New York City has filed a formal challenge to the 2010 census on Wednesday, alleging it may have overlooked "tens of thousands" of Queens and Brooklyn residents at the least.
In March, the U.S. Census Bureau reported that New York City had grown by 2.1 percent to a 8.175 million residents during the first decade of 2000. according to a Wall Street Journal report, the initial count for Brooklyn suggested a growth of 39,000, a 1.6% increase, while Queens added 1,300 residents, less than 1%.
There are at least 50,000 residents of Brooklyn and Queens living in homes and apartments considered as vacant by the bureau, suggested Bloomberg's letter. City officials believed that if those were counted, the city's official population would be between 8.3 and 8.4 million.
"I recognize that enumerating the population of New York City is a Herculean and unenviable challenge, given the city's large, diverse and dense population, which lives primarily in difficult to count housing arrangements," Mayor Michael Bloomberg wrote in his letter to Robert Groves, the director of the U.S. Census Bureau.
However, "numerous data sources cited in our submission refute the prevalence of widespread vacant housing units in those areas, which are and continue to be among our most stable, growing and vibrant neighborhoods."
According to the data, city officials pointed to possible processing errors in classifying large numbers of housing units as vacant in Bay Ridge, Bensonhurst, Astoria and Jackson Heights.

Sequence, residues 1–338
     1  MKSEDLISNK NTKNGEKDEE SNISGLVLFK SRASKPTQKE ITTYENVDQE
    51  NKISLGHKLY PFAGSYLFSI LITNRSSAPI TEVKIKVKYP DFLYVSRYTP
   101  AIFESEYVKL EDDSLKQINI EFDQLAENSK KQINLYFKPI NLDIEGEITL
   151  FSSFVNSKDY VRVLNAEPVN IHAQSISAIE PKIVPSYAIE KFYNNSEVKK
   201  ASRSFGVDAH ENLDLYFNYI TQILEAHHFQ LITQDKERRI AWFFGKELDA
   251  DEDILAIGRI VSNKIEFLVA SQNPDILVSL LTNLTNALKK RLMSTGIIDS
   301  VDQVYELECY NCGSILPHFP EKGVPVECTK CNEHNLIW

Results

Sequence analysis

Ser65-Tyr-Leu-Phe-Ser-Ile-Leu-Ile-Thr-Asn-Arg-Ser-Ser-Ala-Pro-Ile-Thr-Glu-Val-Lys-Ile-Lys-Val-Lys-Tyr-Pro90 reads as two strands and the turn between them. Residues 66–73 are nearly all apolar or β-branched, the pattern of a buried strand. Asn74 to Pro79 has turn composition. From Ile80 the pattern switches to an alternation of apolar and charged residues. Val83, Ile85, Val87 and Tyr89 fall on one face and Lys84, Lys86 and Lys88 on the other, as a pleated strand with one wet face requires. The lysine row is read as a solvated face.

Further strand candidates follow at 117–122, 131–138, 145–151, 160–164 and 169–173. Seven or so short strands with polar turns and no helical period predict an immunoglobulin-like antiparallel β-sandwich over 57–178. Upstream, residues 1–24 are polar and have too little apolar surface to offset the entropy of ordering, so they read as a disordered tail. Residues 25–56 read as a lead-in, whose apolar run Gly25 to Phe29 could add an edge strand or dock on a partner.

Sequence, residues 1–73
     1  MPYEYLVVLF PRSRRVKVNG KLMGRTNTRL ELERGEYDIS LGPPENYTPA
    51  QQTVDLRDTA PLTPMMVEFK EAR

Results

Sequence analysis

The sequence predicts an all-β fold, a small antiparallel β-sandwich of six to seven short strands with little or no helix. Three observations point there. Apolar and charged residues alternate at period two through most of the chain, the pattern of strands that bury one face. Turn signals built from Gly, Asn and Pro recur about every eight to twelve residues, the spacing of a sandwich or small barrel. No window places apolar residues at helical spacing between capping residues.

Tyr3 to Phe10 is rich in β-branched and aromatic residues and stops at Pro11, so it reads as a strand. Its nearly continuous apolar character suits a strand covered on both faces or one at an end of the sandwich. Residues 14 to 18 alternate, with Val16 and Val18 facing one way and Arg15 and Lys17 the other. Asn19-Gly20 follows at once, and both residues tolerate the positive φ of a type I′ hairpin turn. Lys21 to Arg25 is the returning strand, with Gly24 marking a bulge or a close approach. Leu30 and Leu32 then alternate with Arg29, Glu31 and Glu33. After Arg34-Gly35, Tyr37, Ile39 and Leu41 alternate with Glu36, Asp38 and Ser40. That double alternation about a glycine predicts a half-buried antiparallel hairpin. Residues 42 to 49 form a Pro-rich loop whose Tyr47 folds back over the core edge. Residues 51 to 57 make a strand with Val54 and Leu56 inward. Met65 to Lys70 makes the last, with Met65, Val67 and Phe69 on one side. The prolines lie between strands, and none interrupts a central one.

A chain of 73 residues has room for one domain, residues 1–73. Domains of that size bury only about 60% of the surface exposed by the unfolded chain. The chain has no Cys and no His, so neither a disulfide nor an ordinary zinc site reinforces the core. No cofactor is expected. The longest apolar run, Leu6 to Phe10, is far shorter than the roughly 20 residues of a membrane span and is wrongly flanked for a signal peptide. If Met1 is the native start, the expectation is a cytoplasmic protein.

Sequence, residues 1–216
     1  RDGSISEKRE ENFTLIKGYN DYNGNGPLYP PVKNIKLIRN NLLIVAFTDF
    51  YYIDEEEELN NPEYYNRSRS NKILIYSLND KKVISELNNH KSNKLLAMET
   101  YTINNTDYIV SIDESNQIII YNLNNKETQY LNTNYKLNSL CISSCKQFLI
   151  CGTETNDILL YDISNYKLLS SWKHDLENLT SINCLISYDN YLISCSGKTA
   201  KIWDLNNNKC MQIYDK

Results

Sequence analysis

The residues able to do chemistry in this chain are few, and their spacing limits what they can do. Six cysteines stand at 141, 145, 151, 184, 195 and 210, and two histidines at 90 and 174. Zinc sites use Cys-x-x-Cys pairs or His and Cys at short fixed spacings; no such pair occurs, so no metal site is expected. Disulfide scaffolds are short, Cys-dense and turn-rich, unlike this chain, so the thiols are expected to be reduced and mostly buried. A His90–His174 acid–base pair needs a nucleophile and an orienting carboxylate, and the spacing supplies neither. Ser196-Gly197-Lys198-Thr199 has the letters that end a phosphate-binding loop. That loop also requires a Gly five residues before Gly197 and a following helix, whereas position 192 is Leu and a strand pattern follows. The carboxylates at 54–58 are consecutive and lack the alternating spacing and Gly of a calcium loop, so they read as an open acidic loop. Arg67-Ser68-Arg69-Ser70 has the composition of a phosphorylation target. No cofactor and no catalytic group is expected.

A higher count could mean more money for federal aid and a bigger base for Census Bureau to compute subsequent annual population estimates before the next census in 2020.
As of last week, 48 other municipalities had filed challenges with the Census Bureau, while none of these are remotely as large as New York City.
"In all my years as a legislator, I have never seen a Census so poorly conducted," stated Sen. Charles Schumer. "The Census Bureau needs to conduct a recount immediately to get this right, and I will continue pushing them to do just that."
The city's challenge will be examined at the Census Bureau headquarters and could take months to resolve, reports the New York Times. If the claim is rejected, all options, including legal action, "remain on the table," according to Marc LaVorgna, a mayoral spokesman.
The Census Bureau did not comment on the issue, or specify how long it will take to analyze the city's challenge.